A little help, just in case: Circular redundancy check (CRC) is a way to detect small changes in data blocks. This type of error detection is especially useful when sending packet data over a network, such as SynqNet. While the packet error counter checks for missing or invalid packets, the CRC error counter checks the accuracy of the data in the packets.
It can be concluded that either the cable is broken or problems inside the apartment.
It is possible to derive trunk problems: for example, to segment subscribers into groups of areas depending on the time of day and RTT, it can be filtered and grouped according to various criteria:
- Number of CRC per week,
- Access switch,
- Trunk switch
- Subscriber unit vendor,
- Length of cable.
We will display a list of trunk switches, filtering by area. As a result, we will see the number of subscribers on the trunk switches. On one sits 99 subscribers, on the other 64, etc. Also, you can see the average delay on the trunk switches.
I was most interested in finding the most brake switches. As you can see from the screenshot above, this is the very first switch in the list with 99 subscribers. We can go to his data and see what's wrong with him.
We click on the switch, we filter by the criterion of the “Main switch”, grouped by the criterion of the “Access switch”. So it will be clear which access switch is the “worst” on a given trunk switch:
As a result, the worst access switch will appear (highlighted in red) - it has the largest RTT.
Now we go to this, the worst access switch and see this picture:
We see a lot of sessions with long delays. If you look at the subscribers on this access switch, you can see those who have errors on the port - these are problems with the cable. In the screenshot below, the subscriber number 12 is visible, with 898 errors.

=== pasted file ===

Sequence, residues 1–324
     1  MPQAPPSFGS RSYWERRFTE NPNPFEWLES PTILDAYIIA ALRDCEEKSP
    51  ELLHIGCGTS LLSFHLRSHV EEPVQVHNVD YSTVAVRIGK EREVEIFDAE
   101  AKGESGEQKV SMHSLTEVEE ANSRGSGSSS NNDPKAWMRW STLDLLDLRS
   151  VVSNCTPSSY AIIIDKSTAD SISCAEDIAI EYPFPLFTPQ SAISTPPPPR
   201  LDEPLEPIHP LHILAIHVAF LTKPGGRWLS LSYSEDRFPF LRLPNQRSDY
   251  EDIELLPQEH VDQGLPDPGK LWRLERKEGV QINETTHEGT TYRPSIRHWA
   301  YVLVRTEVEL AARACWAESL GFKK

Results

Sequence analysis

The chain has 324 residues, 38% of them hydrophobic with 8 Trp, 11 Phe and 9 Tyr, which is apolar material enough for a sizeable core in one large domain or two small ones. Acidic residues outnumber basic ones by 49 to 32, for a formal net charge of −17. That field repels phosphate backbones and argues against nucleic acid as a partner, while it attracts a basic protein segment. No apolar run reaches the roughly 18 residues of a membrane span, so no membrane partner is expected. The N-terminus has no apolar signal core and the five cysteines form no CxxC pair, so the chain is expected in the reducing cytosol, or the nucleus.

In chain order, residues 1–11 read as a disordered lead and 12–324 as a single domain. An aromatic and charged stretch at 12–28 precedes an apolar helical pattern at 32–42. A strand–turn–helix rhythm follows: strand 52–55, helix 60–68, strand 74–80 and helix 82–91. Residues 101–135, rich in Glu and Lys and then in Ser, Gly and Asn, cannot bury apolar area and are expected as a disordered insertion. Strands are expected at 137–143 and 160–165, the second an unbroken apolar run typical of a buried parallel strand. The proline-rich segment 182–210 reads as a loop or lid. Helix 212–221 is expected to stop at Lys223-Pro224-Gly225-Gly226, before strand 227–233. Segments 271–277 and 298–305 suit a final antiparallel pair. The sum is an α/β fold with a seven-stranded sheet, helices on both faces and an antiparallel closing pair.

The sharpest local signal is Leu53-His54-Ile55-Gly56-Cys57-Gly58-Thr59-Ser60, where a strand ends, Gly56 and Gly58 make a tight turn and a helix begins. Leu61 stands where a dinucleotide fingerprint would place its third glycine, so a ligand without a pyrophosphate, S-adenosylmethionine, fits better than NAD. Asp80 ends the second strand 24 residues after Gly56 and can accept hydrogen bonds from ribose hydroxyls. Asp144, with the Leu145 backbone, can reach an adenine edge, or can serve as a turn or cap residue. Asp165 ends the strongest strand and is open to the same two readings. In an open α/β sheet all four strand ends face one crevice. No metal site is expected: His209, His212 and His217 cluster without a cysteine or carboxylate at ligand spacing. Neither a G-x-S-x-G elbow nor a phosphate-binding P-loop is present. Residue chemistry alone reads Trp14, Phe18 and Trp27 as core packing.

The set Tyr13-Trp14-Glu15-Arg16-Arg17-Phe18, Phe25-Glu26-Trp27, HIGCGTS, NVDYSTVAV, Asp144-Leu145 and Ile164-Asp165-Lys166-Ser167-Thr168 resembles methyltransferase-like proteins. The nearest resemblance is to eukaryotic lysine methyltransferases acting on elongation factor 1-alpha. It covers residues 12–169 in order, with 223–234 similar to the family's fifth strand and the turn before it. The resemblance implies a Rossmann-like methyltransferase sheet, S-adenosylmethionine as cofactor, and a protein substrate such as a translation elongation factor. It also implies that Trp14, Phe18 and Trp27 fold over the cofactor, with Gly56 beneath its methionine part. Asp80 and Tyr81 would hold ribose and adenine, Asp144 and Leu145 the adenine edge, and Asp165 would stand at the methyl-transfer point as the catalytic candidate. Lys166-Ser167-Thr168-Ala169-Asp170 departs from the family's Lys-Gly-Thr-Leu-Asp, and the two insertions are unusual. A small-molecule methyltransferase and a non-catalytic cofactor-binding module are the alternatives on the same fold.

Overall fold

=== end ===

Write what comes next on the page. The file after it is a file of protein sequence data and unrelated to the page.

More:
Immediately, you can notice subscribers with a large RTT, for example, 10.5.
We go to the subscriber and see the following picture:
For every five-minute retransmitters, the subscriber has about 2% loss. Most likely, he needs to change his Wi-Fi router. This client just need to do.
Subscribers with steadily bad Internet
This is one of the main reasons that prompted me to try QoE. You can display all subscribers with consistently poor RTT and work individually with each one. For example, open the statistics in the list for subscriber # 3.
This subscriber has no errors on the port, cable 37 meters. Most likely, the trouble lies in the apartment subscriber.
As I understand it, it works like this: information is removed from the DHCP server on the MAC of the subscriber devices. Thus, all Wi-Fi-vendors are pulled out:
The Zyxel turned out to be the most popular and with normal RTT, with 9307 subscribers.
Top worst below, with RTT of 15.2 and below.
Found another feature that shows subscribers with the number of sessions.
Immediately visible subscribers with a bunch of sessions.
Let's enter subscriber number 1. In the section “Clickstream Logs” you can see how many devices a subscriber has at the moment:
As we see, the subscriber has 100 devices. Such a subscriber exactly resells the Internet. What to do with him? For example, we plan to transfer such subscribers to service as a legal entity.
Here, it seems, everything is simple: clickstream shows which devices subscribers use, which sites they visit, which browsers they use. This information is not so interesting to me, but it turned out to be necessary for our marketers. For example, they are interested in the following scenarios: